SAN ANTONIO – A community breast navigation program in an underserved area of Connecticut successfully improved mammogram screening rates among African American and Latino women, according to a study presented at the 2016 San Antonio Breast Cancer Symposium (SABCS).1
“In the United States in 2013, only 37.1% of uninsured women received mammogram screenings compared to 70.4% of insured women,” said Rasha M. Banks, MPH candidate, The Carole and Ray Neag Comprehensive Cancer Center, UConn Health, Farmington, CT. “To combat barriers to access that cause low rates of mammogram screening, UConn Health, in partnership with Susan G. Komen of Southern New England and Community Health Services, Inc. in Hartford, CT, developed the Community Breast Navigation Program (CBNP).”
Through the CBNP, a community breast navigator was embedded in the adult medicine clinic of Community Health Services for approximately 7 months. The breast navigators primary roles were to provide breast health education, streamline the screening scheduling process, and follow up with patients to reschedule missed appointments.
The navigator also provided solutions to barriers for patients, including supplying a bus pass or gas card; distributing education on breast care and breast cancer; making mammograms and ultrasounds free; providing translation; scheduling appointments; calling to remind patients of appointments; and rescheduling missed or cancelled appointments.
As part of the CNBP, a physician or medical assistant would notify the navigator when a patient had not received a recent mammogram, allowing for navigator to enter the exam room and educate the woman on the importance of maintaining breast health through breast screenings, clinical breast exams, self-breast exams, and early detection. The navigator would then register the patient by calling UConn Health’s patient access department.
After the patient was registered the navigator would call UConn Health’s radiology department with the patient to schedule a breast screening, and would give the patient a contact card, which is a card with the date and time of the appointment, in addition to breast health literature.
One to 3 days prior the appointment, the navigator would call to remind the patient of the appointment, and if the patient failed to attend the appointment, the navigator would contact both the patient and the radiology department to reschedule the screening.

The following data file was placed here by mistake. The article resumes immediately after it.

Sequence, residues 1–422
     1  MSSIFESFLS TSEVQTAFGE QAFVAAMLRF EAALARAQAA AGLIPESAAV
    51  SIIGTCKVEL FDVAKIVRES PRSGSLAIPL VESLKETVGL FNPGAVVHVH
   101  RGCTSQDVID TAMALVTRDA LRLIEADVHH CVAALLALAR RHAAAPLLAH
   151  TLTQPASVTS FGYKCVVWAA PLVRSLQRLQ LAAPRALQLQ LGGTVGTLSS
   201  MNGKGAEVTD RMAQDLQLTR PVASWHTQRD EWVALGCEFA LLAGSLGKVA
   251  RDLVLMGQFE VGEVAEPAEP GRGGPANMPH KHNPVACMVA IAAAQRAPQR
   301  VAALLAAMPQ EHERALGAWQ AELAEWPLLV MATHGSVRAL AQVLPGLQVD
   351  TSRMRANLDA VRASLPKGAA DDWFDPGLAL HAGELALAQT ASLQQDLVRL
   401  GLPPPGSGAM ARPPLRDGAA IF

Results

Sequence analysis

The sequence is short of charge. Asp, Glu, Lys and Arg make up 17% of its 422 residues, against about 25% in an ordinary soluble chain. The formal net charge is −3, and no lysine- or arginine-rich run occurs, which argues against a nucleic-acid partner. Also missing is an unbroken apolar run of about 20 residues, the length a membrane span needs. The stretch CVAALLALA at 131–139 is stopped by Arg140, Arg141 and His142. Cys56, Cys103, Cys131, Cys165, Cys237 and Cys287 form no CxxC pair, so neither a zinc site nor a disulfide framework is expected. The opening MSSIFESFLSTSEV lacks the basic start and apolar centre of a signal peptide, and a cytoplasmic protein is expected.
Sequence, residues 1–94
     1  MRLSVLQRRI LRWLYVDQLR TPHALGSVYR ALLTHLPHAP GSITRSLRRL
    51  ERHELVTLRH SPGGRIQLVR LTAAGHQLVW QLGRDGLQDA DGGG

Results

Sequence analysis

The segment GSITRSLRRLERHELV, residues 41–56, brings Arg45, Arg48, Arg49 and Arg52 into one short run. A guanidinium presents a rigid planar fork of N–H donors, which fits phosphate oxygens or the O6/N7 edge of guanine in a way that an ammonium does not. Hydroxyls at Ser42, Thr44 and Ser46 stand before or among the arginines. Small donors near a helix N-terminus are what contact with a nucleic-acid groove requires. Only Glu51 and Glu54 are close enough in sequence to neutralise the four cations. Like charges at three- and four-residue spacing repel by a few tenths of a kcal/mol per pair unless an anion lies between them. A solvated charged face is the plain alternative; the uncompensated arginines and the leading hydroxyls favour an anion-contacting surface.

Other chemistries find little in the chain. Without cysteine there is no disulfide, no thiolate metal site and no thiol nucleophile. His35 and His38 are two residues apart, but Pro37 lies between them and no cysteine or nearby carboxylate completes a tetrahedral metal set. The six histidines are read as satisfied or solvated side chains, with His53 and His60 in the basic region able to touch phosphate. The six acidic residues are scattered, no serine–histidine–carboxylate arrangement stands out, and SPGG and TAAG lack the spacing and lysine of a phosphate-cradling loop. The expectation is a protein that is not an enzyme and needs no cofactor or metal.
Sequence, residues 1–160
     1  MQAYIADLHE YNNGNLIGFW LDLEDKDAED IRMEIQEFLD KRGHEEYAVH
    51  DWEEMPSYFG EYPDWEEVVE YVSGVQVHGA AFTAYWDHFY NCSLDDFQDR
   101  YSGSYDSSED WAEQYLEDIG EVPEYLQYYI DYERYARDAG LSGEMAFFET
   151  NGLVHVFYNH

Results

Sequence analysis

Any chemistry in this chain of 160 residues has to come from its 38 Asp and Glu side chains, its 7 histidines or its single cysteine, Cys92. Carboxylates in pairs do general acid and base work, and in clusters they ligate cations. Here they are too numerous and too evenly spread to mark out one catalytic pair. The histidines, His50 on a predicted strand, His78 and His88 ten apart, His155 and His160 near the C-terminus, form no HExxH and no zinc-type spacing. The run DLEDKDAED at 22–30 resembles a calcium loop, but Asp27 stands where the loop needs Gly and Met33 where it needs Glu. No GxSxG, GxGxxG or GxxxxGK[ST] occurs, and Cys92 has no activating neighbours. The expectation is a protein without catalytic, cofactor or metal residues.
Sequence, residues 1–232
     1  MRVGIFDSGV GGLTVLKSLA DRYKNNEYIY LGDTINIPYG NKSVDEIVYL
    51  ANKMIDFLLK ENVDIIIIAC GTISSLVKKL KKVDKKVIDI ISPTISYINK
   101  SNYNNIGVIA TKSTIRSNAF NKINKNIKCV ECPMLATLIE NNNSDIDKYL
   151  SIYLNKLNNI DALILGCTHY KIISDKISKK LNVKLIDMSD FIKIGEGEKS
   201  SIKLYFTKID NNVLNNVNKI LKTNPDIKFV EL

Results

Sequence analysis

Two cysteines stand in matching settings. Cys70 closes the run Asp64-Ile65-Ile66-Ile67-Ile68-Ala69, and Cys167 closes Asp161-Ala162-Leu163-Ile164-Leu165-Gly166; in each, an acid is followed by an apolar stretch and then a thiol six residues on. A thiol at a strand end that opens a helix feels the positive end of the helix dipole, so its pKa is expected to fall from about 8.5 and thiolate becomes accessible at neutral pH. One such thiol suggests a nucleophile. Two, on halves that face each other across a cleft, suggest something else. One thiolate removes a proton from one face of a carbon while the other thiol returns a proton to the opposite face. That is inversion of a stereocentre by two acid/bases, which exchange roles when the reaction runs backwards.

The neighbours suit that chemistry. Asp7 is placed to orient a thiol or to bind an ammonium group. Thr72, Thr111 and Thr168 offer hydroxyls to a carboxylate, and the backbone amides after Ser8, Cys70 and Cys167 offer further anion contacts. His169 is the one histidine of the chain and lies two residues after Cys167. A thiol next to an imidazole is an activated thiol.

Of the 99 patients referred to receive breast cancer screening, 69.7% were black, 23.2% were Hispanic/Latino, and 6.1% were white. Results showed that 57.6% received the screening. Furthermore, the CNBP improved the rate of uninsured women receiving mammograms to 62.2%, which is 8.1% higher than the rate in Connecticut overall.
The CNBP follow up also appeared to have an impact on patients. Among the 25% who cancelled their first appointment, 17.5% attended the second appointment and 0.7% attended after 2 cancelled appointments.
The researchers indicated the reasons for failed follow-up, which included: out-of-service phone number; failure to answer phone calls or respond to voicemail message; receipt of breast cancer screening elsewhere due to distance of UConn Health; and receipt of breast cancer screening elsewhere due to familiarity with a different imaging center.
Ms Banks explained the influence of the navigator by quoting a participant who said,” I didn’t plan on getting a mammogram but the navigator convinced me to go. And when I needed more images, I didn’t want to go that time either, but she convinced me again.”
Ms Banks also found that the rate of mammogram screening was only 50.7% in black women and 69.6% in Hispanic/Latino women compared with 83.3% in white women, suggesting that additional effort needs to be made to improve screening rates among black and Hispanic women.
1. Banks RM, Stevenson CE. Community breast navigation improves breast cancer screening in Hartford, CT. Poster presented at: 2016 San Antonio Breast Cancer Symposium; December 6-10, 2016; San Antonio, TX.